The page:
We want to believe in the justice of our legal system, but sometimes it can be difficult. In recent years, there have been many controversies surrounding the abuse of power by police officers. This abuse has spawned all sorts of movements around the country and prompted a number of questions.
Many people online have discussed the idea of unlawful arrest: when a person is arrested despite having done no wrong-doing. This might occur in a variety of situations, for example, when police try to arrest peaceful protestors who are not trespassing.
Can you resist an unlawful arrest? The answer is a complicated one. Read on, and we’ll walk you through what you need to know.
What Is Unlawful Arrest?
When talking about resistance, it’s important to first talk about what constitutes an unlawful arrest. Most arrests occur on the basis of probable cause. The officer in question would need to have seen or had enough evidence that you committed a crime to bring you in.
An unlawful arrest is when a person has done no wrongdoing but is being arrested anyway. This kind of arrest is a violation of a person’s right to freedom and would be considered against the law.
An officer can not arrest a person based on a gut feeling or simple suspicion. They must have probable cause in order to take action.
Can You Resist An Unlawful Arrest?
Much of the law in the United States surrounds the use of state force versus the rights of the individual. As such, laws and legality surrounding interactions between the police and citizens come under great scrutiny.
It’s true that historically, American citizens did have a right to use reasonable force to resist an arrest that was considered unlawful. If you look online today, there are many less-than-professional online resources that will still tout the claim that you have a right to resist arrest.
But is this true?
At the end of the day, not really. Many states across the country have long ago stripped this rule from their state legislatures. Even the states that continue to grant citizens this right are likely to be less-than-understanding to this kind of behavior in a court of law.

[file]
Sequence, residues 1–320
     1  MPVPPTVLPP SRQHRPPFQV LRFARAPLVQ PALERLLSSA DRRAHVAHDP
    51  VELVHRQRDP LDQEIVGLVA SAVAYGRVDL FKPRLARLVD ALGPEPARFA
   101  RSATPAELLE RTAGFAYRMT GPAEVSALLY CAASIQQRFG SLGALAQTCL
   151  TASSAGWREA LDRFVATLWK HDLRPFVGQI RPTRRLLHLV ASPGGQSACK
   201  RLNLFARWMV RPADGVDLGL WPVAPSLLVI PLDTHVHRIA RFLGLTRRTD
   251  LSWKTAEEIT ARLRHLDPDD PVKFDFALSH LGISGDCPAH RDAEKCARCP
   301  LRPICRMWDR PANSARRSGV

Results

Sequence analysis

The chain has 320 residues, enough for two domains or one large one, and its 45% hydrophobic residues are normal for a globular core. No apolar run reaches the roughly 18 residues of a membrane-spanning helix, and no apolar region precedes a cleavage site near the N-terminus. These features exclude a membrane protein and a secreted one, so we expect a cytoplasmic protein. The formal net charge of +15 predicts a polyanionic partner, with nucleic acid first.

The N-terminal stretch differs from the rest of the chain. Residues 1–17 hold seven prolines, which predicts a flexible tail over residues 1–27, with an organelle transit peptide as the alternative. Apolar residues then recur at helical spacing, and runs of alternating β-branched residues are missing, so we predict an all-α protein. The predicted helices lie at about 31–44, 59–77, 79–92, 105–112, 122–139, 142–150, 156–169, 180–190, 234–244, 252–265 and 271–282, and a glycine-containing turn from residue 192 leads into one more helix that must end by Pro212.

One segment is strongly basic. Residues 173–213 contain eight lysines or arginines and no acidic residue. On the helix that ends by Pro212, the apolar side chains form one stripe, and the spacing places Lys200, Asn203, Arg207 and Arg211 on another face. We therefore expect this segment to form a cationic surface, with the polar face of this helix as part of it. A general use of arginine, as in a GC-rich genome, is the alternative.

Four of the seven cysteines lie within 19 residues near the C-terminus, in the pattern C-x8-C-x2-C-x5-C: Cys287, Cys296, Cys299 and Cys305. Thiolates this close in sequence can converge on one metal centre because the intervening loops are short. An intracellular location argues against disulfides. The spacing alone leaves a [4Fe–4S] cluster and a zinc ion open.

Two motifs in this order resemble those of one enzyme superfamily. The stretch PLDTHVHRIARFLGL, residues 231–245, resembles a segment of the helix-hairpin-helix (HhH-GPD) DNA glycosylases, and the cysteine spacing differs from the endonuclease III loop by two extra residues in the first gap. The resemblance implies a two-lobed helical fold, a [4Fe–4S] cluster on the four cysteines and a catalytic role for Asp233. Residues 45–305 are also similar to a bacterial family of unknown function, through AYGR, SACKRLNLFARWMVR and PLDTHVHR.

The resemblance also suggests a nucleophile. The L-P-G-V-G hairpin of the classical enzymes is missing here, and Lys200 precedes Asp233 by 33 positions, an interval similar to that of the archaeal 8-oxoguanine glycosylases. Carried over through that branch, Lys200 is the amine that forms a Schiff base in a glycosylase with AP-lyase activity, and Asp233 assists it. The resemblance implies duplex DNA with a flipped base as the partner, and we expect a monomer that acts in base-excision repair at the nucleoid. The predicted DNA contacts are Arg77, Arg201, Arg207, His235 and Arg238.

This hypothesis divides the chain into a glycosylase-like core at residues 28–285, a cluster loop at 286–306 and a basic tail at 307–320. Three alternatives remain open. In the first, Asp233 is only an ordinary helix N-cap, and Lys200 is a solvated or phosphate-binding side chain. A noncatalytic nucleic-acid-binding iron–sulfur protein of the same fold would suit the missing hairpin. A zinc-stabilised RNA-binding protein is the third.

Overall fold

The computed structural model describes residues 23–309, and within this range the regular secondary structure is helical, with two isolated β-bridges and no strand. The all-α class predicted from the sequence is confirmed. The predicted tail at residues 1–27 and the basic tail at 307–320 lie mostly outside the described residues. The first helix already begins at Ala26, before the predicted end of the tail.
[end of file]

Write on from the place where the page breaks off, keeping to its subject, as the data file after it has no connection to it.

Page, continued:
Why Resistance Is A Bad Idea
The unfortunate truth is that even if you live in a state, like Louisana, where resisting arrest is technically legal, you should probably go along with the requests of an officer. There are a variety of reasons for this.
Resisting An Arrest Is A Crime
You might not know about all the details surrounding your arrest. You can be innocent and still be lawfully arrested if an officer has reasonable cause to bring you in. That’s how the system works.
What might seem unlawful to you at the moment might reveal itself to be perfectly legal when you later have the evidence explained to you. Without your knowledge, then, you could be resisting an arrest that is perfectly lawful. That, in and of itself, is another crime.
Resisting an arrest can be a misdemeanor or even a felony charge in the state of Louisana. Using any sort of force against an officer of the law could land you in jail for up to six months. You can be convicted of this crime even if you were innocent for the crime that you were suspected of, to begin with.
It’s best not to resist at the scene of the arrest. If you were really arrested unlawfully, you can speak to an attorney following the arrest and seek the justice you deserve.
Things Could Escalate
Force begets more force. If you decide to fight back against an officer, you’ve started a very risky and dangerous chain of events. Police officers are trained to respond to resistance with force, and if you take action first, this use of force is perfectly legal.
This goes as far as the officer’s right to shoot you if they truly think their life is in danger. We’ve seen this kind of thing discussed many times over the past few years, in the killings of individuals like Eric Garner and Trayvon Martin.
Fighting back against a police officer, even if you feel you are in the right, could lead to serious injury. Though it can be frustrating, it’s best to avoid this risk.
Resistance Could Be Seen As Indication Of Guilt
Unfortunately, resistance to arrest is often seen as an indication of guilt in a court of law. If and when your case is brought to court, your resistance at the time of arrest will likely be a big part of the story told to the judge and jury.
Often, resistance is seen as a consciousness of guilt and not as a response to unfairness or unlawfulness. Unless an arrest is proven conclusively as unlawful later on, it can be very difficult to justify and defend this action in a court of law.
It can require a lot of evidence to prove that an officer acted inappropriately in the arrest of an individual. Building a case to support this claim will require much work and a great deal of evidence.
Resisting An Unlawful Arrest
Can you resist an unlawful arrest? Despite this being a tenant of common law in many places, the truth of the matter is that resistance is often a bad idea. There are a few rare instances where resistance is justifiable and defendable, but these are not common and can be hard to prove in court.
Have you found yourself in this type of situation? Need help building your case? Contact me anytime for a free consultation.